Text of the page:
Is My (or My Loved One's) Relationship with Food a Problem?
“I wish I had a touch of anorexia.”
I hear this a lot. So does clinical psychologist Jennifer J. Thomas, who is the coauthor of my latest book, Almost Anorexic. While most mental illnesses elicit empathy, anorexia nervosa is often met with envy (“You are so thin!”) and sometimes doubt (“Why don’t you just eat?”). I heard both of these all of the time when I struggled with my own eating disorder.
Why does a serious, life-threatening illness with one of the highest mortality rates of any psychiatric disorder inspire such cachet and even skepticism? A superficial response may lie in the current high rates of obesity. With one-third of adult Americans overweight and yet another third obese, the ability to achieve a low body weight by controlling food intake is exceedingly rare. But you’ve probably never heard people say they wished they had a touch of depression, another mental illness that can also lead individuals to eat less and lose weight. And you surely haven’t heard someone say, “Why don't you just stop having cancer?”
A not-so-obvious—but perhaps more accurate—explanation of both the pseudo-prestige and misunderstanding surrounding anorexia nervosa lies in the definition itself. The criteria listed in DSM-5, the Diagnostic and Statistical Manual of Mental Disorders, 5th edition (a book that healthcare professionals use to diagnose psychiatric disorders) are quite strictly defined. The hallmark feature of anorexia nervosa is a significantly low body weight due to self-imposed food restriction. For some, meeting the DSM criteria can feel like earning a badge of honor. Of course, developing a life-threatening eating disorder is nothing of the sort. Important to note, although people with anorexia nervosa have a low body weight, the majority of individuals who struggle with eating disorders—just like people in the general population—are normal weight or overweight.
While only 1 in 200 American adults will develop anorexia nervosa in their lifetime, as least 1 in 20 (1 in 10 teen girls!) will struggle with an equally impairing combinations of symptoms, including restricting, bingeing, and/or purging. In our book, we call this once overlooked category almost anorexic. The medical community does already have a term for this, which you may have heard called Eating Disorders Not Otherwise Specified (EDNOS; in DSM-IV). With the publication of DSM-5 in May 2013, the name officially changed to a new, yet still perplexing acronym, Other Specific Feeding or Eating Disorder (OSFED). Countless people find it confusing to be diagnosed with an acronym. Some have even told us that being diagnosed with EDNOS or OSFED has led them to believe that they have somehow failed at “achieving” anorexia nervosa.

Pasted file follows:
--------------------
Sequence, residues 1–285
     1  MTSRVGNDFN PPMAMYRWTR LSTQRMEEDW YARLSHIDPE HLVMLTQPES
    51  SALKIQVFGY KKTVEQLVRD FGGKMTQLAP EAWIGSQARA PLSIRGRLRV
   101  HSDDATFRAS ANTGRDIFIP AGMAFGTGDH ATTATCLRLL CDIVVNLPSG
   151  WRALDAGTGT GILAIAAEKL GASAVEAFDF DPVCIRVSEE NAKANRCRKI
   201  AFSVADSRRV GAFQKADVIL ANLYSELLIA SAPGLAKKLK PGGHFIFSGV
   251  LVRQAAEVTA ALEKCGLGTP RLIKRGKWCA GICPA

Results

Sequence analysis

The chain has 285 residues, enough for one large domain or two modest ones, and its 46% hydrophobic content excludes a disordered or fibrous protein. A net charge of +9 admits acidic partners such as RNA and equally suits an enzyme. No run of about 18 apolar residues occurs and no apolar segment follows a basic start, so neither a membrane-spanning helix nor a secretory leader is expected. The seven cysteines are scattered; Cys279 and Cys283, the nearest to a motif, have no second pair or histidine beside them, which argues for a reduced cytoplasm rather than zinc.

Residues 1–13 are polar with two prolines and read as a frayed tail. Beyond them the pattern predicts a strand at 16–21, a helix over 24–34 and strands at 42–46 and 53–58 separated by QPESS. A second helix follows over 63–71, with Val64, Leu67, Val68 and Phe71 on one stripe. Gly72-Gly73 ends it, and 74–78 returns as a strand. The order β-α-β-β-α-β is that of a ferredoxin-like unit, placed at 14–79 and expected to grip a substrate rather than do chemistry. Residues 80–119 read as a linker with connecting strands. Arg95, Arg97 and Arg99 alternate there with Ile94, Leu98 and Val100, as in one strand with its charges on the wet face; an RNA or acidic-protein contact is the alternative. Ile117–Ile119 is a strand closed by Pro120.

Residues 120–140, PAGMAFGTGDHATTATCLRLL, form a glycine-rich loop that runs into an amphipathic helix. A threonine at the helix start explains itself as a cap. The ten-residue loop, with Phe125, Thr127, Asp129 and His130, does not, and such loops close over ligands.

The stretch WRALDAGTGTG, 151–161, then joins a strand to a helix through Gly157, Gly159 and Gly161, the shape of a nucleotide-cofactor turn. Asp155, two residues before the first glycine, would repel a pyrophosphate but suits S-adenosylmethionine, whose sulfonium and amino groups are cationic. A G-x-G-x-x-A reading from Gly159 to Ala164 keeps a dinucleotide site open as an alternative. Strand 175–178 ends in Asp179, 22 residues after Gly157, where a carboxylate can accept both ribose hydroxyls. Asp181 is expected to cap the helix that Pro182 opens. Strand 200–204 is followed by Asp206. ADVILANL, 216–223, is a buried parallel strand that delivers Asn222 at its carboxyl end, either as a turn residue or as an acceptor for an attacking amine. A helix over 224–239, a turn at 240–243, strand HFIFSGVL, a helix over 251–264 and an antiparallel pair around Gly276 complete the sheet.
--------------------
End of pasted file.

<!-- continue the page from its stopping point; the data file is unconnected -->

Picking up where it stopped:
But, unlike what many think, EDNOS is not a “lesser” diagnosis. In a meta-analysis of 125 studies, Dr. Thomas, found that EDNOS was just as severe as anorexia nervosa in the domains of eating pathology, associated mental health distress, and medical complications. Another longitudinal study that followed patients for 8-25 years found that the mortality rate of EDNOS was similar to that of anorexia and bulimia nervosa.
When I was lost in my eating disorder, I waited years in the purgatory of almost anorexia before getting help, which only happened when my symptoms finally reached a full-blown diagnosis of anorexia nervosa.
Importantly, help is available now. In fact, evidence-based strategies make full recovery possible. New research suggests that many of the same techniques that are useful for the treatment of anorexia nervosa and bulimia nervosa (e.g., family-based treatment, cognitive-behavioral therapy, and others) can provide relief for those with OSFED/EDNOS.
If you think that you (or a loved one) might be struggling, visit www.almostanorexic.com for a free and confidential screening. You don’t have to struggle with almost anorexia—not even a touch.
Jenni Schaefer is a singer/songwriter, speaker, and the author of Goodbye Ed, Hello Me and Life Without Ed, which has recently been released in a tenth-anniversary edition as well as audiobook. Learn more at http://www.jennischaefer.com/.